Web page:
# 120V AC Supply to Pull Boxes in station yard (Design Problem)

• jegues
In summary, Three possible solutions are being discussed to provide AC power to underground pull boxes. Option 1) Take the 600V (line-line) feed from the station service transformers (denoted SST1 and SST2) and route these to the nearest pull boxes where each individual pull box will have its own separate transformer needed to step down the voltage to the desired 120V. Option 2) Route the 600V (line-line) feed from the station service transformers (denoted SST1 and SST2) and to a couple strategically placed 600V/120V transformers and supply multiple pull boxes from this one transformer. With this option we could have issues with voltage drop across the 120V cables depending
jegues
We have ~78 underground pull boxes (12ft by 12ft) scattered around our 700m by 1500m yard that are passing 12kV cables through underground ductwork.(i.e. pipes)

See figure attached for detailed drawing of layout including pull boxes, station service transformers and control buildings.

Recently, water has started seeping into these pull boxes, and this water needs to be pumped out. Only problem is, there is no AC power available inside these pulls boxes to power the pump needed to pump the water out!

So the design challenge we’re faced with is to come up with a simple, efficient and cost effective solution that will provide each of these ~78 pull boxes with AC power such as a standard 120V outlets and lighting.

The outlets will only need to handle loads as large as the pump and the necessary lighting, nothing else.

So far we’ve come up with a couple ideas:

1) Take the 600V (line-line) feed from the station service transformers (denoted SST1 and SST2) and route these to the nearest pull boxes where each individual pull box will have its own separate transformer needed to step down the voltage to the desired 120V.

2) Route the 600V (line-line) feed from the station service transformers (denoted SST1 and SST2) and to a couple strategically placed 600V/120V transformers and supply multiple pull boxes from this one transformer. With this option we could have issues with voltage drop across the 120V cables depending on how far the distances are from the 600V/120V transformer to the pull box.

3) Take the existing 120V AC feed from each of the control buildings within the yard (denoted CBF1, CBF2, CBF3 etc…) and somehow connect this to the surrounding pull boxes. However, there is a problem with this. The cabling for the control buildings is in cable trenches, while the cabling for the underground pull boxes is in underground cable ducts. (i.e. pipes) So in order for us to get a cable from the control building into the pull box, it would require for drastic changes to existing cable trenches in order to route the cable inside the trench to the pullbox. (Unless there is an easier way?)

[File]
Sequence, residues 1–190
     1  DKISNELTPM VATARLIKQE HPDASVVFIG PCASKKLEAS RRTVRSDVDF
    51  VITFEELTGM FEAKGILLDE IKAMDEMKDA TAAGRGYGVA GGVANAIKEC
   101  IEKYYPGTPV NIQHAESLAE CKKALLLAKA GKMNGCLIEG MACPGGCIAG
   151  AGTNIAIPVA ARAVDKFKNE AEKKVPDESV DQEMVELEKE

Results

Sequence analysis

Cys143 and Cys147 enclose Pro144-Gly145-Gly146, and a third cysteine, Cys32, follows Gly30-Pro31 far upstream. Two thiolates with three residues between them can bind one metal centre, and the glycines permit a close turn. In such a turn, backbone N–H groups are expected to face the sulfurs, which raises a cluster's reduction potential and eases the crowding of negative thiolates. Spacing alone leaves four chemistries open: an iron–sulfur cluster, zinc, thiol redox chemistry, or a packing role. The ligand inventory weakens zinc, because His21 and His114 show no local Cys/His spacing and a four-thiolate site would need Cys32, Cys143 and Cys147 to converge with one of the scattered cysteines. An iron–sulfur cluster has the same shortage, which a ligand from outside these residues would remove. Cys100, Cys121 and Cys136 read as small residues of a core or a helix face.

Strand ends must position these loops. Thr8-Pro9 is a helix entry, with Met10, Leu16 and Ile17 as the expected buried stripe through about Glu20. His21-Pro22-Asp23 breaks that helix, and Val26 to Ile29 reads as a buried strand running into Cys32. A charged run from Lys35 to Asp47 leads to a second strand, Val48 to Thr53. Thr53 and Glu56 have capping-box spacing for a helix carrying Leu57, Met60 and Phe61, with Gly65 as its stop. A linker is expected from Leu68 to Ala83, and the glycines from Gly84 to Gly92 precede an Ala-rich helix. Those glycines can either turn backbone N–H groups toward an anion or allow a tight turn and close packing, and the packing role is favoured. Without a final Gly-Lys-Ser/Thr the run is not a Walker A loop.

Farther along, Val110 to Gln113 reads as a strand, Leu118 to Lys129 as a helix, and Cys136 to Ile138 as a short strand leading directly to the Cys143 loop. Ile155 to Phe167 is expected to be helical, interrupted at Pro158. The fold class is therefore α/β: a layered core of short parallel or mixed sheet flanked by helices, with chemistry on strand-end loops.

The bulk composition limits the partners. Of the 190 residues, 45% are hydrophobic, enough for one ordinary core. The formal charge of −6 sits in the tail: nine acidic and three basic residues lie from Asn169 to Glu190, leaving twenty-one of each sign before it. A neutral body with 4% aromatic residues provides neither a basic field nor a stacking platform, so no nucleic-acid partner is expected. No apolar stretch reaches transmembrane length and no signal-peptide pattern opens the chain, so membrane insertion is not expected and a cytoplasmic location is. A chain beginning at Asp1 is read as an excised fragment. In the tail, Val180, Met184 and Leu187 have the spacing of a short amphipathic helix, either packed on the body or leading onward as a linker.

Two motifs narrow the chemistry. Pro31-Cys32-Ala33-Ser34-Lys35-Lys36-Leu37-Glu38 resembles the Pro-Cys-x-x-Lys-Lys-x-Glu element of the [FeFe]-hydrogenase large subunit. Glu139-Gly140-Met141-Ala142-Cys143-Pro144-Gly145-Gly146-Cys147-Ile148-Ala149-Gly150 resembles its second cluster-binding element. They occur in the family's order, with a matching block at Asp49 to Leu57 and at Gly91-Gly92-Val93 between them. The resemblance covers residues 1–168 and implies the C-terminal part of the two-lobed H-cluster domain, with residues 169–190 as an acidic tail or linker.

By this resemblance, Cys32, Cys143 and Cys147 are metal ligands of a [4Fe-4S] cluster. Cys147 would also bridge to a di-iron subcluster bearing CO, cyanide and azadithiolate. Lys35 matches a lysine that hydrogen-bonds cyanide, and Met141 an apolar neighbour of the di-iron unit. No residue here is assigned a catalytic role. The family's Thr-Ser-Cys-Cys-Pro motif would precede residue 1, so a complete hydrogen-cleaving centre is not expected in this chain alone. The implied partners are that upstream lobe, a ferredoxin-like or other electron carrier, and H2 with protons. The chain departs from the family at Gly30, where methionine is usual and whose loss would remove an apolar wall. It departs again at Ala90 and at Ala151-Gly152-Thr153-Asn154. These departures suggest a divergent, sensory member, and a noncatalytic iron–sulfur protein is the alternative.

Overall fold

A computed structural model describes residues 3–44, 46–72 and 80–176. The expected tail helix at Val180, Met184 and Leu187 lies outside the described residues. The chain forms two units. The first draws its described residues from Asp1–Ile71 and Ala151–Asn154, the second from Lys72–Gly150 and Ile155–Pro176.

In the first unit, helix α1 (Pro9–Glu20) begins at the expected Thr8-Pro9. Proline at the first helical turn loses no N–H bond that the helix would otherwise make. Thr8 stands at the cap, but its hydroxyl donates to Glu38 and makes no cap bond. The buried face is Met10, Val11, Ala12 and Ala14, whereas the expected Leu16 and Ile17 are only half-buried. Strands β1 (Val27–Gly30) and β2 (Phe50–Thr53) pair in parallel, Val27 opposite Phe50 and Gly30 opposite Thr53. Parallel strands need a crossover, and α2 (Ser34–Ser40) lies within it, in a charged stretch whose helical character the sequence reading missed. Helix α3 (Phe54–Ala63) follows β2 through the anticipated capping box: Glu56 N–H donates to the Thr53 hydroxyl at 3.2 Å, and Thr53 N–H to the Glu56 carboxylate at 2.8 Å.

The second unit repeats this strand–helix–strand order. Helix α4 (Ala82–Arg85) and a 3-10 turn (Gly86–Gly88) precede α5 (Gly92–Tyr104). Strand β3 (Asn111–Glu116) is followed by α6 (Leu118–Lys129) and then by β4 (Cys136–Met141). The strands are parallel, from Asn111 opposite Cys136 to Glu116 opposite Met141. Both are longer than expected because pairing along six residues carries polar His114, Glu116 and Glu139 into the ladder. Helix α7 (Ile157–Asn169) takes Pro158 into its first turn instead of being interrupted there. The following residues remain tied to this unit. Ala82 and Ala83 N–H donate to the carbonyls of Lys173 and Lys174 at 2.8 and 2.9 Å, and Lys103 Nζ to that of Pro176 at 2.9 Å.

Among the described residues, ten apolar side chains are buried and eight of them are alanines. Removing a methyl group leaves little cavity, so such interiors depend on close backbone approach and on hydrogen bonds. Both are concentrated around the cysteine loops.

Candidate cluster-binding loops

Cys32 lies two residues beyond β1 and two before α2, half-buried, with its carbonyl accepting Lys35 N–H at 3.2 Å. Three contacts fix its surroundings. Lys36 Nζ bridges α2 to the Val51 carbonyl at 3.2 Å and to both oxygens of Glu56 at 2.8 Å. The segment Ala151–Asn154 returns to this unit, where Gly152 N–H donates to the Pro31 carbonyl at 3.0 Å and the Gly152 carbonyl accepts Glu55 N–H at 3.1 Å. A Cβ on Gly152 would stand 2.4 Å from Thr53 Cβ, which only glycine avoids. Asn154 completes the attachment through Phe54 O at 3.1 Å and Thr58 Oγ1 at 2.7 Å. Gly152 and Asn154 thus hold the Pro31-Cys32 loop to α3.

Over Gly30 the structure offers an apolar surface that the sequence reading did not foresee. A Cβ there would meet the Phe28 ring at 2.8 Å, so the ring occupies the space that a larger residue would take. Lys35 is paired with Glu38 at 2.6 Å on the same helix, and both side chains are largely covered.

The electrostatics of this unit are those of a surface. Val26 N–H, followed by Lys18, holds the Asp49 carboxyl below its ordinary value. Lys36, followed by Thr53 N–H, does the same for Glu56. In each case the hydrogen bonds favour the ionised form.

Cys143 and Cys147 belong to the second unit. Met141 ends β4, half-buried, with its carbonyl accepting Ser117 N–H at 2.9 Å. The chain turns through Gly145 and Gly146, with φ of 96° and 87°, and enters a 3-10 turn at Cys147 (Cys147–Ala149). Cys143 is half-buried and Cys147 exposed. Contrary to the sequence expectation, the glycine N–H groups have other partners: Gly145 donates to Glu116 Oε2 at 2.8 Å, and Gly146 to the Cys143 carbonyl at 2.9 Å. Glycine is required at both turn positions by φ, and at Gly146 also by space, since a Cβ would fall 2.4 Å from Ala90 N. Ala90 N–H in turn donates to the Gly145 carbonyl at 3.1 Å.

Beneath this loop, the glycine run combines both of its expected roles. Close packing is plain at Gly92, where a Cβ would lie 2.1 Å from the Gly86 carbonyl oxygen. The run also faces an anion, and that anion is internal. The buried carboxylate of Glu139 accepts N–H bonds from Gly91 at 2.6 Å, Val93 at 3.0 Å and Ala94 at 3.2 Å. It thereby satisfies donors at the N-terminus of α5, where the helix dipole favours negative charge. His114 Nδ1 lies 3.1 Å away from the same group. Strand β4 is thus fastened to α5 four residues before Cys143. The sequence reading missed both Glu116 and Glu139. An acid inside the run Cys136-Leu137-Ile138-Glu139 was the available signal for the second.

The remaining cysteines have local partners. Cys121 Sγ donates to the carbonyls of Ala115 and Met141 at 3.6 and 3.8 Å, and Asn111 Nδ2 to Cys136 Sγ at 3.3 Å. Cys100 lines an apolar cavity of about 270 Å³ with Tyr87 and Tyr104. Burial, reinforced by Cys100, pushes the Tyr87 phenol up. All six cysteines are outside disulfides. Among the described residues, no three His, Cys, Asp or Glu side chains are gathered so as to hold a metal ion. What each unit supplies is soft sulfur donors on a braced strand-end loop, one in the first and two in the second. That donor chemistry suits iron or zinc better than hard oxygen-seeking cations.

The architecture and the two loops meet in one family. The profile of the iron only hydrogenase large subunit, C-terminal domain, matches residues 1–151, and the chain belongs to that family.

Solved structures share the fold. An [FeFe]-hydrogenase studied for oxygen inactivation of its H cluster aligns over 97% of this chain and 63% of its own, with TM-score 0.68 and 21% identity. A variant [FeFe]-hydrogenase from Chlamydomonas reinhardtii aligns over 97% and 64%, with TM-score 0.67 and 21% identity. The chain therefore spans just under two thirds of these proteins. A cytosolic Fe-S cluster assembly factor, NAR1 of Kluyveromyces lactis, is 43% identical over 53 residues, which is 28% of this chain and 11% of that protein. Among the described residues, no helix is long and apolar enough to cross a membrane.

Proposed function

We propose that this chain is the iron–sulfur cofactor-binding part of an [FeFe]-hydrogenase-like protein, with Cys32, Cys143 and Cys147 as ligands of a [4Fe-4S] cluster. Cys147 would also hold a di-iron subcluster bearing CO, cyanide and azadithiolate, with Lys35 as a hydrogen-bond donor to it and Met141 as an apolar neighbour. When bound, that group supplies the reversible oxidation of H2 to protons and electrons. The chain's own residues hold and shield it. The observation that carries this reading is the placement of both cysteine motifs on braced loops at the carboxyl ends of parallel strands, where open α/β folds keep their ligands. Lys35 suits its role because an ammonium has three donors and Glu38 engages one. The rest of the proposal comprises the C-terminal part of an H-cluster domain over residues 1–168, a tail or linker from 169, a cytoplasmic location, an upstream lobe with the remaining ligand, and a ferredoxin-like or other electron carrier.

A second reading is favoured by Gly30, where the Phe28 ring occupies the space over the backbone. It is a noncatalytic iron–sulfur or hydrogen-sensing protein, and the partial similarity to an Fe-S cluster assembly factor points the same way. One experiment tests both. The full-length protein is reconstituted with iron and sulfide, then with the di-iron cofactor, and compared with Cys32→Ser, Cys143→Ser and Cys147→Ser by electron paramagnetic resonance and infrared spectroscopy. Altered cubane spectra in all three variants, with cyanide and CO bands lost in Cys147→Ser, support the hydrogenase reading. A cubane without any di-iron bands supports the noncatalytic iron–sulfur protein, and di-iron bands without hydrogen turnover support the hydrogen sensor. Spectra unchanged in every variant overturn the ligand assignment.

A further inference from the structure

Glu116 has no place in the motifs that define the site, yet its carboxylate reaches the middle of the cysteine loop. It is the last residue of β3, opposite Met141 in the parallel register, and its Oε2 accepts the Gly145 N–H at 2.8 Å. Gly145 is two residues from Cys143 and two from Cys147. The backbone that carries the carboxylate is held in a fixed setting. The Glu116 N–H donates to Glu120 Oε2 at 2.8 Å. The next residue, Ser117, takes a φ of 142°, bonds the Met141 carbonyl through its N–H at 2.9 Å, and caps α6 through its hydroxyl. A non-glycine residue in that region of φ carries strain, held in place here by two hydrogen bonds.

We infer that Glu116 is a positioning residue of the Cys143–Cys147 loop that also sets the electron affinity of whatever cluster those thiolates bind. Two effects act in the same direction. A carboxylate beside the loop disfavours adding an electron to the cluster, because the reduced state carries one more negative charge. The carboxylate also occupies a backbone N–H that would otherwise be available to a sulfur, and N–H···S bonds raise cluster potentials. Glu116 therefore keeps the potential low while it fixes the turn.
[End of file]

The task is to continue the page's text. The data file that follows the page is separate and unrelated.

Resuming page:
We do have 12kV cables at our disposal coming out of the two switchgear buildings 1 and 2 (denoted SGB1 and SGB2) but transformer needed to get a 120V AC from 12kV may be larger and more expensive than practical.

Does anyone else have any other creative/inventive ideas in order to solve this problem, or see any advantages/disadvantages with the three options we’ve come up with so far?

I think some group brainstorming is always a good idea!

Thanks again!

EDIT: I just thought of another idea. How about rectifying the 600V AC (line to line), running it into the pull boxes as DC and converting it back into 120V AC? One rectifier feeding all the DC cables and one inverter per pull box. Just popped into my head and figured I'd throw it out there.

#### Attachments

• PullboxesDWG.pdf
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How often [STRIKE]to[/STRIKE] do you access these pull boxes? Can't the 12kv cables be in water? Is the water coming through the underground ducts?

If the cable insulation can be in water, just pump out the boxes when access is required and save a butt load of money.

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It's generally frowned on to run high voltage lines through water. The possibility of shocks, short-circuits, damage to the lines and other equipment, make it prudent to keep the ducts dry.